Jeremy Fowler has more details on the making of the ad, and they are interesting:
Former Florida QB Tim Tebow last week filmed his Super Bowl ad with his mother Pam atWinter Park’s Full Sail University, which is co-owned by Gators booster and Tebow family friend Bill Heavener.
The Tebows are planning to convey a Christian-inspired message during the Super Bowl’s Feb. 7 telecast in conjunction with Focus on the Family, the non-profit Christian group based out of Colorado. The story will likely detail a pro-life message surrounding Tebow’s birth on Aug. 14, 1987.
The financial support for the ad — running at approximately $3 million for most 30-second Super Bowl spots — came entirely from a group of about a dozen investors. Those are some serious friends right there.
Spokesman Gary Schneeberger said there are no gimmicks involved in this commercial.
“(Tebow) is not going to be in a Chicken suit,” Schneeberger said. “They have lots of personal stories to tell from their experiences.”
Schneeberger said the Tebows were receptive from the beginning when approached about the ad. Focus on the Family thought of Tebow thanks to an executive from the organization’s film department who is a big Gators fan.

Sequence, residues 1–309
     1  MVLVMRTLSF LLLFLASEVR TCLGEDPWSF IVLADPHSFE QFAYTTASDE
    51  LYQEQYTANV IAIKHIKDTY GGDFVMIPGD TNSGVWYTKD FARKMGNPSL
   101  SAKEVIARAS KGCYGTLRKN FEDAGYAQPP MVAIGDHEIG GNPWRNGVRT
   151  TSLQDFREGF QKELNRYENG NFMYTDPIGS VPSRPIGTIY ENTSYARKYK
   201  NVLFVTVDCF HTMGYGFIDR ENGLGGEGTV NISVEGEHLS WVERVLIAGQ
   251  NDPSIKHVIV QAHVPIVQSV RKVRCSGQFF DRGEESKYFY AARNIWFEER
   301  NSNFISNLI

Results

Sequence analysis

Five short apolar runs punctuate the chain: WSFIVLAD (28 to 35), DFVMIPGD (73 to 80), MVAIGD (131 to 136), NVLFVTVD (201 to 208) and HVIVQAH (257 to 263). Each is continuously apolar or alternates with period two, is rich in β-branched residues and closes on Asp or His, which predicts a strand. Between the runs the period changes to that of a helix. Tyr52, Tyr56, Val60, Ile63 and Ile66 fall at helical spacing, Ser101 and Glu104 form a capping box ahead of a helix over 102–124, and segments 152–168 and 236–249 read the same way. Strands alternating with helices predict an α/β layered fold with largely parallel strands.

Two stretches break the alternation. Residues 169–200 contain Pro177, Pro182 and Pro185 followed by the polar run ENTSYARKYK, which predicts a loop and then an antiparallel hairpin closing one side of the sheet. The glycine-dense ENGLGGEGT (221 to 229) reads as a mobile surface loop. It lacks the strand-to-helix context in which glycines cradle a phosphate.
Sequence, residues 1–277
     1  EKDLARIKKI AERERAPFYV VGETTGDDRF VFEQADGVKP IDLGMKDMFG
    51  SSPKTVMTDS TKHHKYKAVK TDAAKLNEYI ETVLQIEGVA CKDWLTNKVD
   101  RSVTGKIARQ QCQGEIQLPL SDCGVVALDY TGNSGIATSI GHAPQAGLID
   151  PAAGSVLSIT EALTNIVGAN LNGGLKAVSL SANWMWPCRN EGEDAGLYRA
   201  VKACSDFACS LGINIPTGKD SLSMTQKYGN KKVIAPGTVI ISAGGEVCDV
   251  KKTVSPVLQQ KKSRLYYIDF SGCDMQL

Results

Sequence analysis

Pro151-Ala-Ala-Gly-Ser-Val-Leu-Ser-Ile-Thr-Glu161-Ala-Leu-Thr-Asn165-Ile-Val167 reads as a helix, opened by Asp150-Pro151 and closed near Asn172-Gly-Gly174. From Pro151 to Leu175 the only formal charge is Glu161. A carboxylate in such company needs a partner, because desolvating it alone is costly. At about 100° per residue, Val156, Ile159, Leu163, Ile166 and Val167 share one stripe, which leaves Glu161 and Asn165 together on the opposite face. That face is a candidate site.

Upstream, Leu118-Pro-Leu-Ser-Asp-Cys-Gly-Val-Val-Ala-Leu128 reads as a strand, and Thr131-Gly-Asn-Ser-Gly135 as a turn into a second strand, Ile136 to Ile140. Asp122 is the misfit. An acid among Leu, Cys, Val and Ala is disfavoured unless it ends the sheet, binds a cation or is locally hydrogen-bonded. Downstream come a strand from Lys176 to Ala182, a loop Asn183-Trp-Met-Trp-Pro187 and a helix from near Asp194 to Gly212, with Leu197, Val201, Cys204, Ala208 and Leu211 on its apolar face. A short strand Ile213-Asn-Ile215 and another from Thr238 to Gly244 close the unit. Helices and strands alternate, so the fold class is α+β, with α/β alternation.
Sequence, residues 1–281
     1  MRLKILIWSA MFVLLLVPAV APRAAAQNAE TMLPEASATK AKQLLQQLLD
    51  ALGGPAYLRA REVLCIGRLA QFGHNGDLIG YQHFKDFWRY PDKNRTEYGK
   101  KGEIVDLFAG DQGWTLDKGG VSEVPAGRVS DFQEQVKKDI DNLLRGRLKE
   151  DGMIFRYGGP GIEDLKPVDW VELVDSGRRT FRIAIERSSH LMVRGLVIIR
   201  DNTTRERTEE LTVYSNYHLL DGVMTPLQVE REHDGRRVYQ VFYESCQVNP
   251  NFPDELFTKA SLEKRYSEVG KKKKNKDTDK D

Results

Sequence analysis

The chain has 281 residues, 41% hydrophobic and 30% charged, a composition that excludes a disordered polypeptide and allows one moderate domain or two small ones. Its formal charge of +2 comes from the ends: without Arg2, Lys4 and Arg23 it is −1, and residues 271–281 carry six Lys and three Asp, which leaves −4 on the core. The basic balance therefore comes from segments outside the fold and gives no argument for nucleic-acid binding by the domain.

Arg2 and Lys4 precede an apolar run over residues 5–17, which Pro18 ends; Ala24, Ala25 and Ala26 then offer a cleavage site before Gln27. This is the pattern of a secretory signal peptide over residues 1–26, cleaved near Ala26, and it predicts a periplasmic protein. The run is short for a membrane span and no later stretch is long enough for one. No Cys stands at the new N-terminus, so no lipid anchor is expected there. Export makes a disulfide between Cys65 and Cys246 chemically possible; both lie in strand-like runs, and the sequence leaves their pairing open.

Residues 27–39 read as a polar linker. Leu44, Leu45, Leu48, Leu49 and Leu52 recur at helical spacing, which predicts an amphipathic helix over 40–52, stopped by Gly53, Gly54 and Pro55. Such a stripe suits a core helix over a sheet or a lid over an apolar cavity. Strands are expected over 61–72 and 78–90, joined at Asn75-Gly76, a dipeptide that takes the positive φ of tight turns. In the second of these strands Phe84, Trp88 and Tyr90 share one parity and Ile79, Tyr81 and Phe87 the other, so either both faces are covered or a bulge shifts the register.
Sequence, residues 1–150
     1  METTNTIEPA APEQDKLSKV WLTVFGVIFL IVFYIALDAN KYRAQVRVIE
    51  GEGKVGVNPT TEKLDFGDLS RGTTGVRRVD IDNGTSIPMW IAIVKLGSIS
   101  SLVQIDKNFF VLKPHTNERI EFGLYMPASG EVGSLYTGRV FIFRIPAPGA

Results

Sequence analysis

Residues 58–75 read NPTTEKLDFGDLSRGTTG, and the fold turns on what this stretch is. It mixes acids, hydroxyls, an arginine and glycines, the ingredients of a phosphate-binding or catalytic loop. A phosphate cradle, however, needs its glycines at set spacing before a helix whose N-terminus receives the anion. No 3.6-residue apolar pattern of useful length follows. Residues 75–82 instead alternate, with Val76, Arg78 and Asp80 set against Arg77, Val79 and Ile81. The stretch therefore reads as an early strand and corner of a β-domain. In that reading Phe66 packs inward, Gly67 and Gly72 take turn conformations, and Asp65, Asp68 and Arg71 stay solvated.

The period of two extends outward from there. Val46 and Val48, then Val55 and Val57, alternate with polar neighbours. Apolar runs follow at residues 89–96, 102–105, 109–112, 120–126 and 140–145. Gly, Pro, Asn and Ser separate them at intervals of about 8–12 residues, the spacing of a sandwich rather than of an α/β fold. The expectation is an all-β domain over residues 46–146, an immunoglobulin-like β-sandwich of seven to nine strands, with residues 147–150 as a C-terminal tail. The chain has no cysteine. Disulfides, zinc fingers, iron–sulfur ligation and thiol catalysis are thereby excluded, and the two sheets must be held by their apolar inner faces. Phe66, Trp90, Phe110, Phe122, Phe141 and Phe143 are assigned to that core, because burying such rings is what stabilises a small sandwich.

Alligator Army give their reaction to news of the ad, and like alot of Gator fans, are cautious.
Five years ago, I wrote an article that attempted to explore the relationship between religion and sports for The Alligator. I interviewed a Catholic priest, a Rabbi, and the then presidents of UF's Atheist and Islam on Campus groups. Since this was pre-Tebow, the athletic examples were former UF tennis player Jennifer Magley (who was Tebowesque in terms of faith and charity work) and Muhammad Ali. While implying that sports was our secular religion (where else do you chant, sing and gather with like minded people?), the article endorsed athletes expressing their faith. That's why I don't have a problem with Tebow encouraging people to be Christians, advocating abstinence, or saying a prayer when he gets to the end zone.
I do have a problem with Tebow becoming the face of a fringe political group and doing it during the Super Bowl, two months before Draft Day. If Tebow thinks he will be a successful pro, he will have plenty of time and money to promote his values. And he can do it on his own, not as a front for a political organization.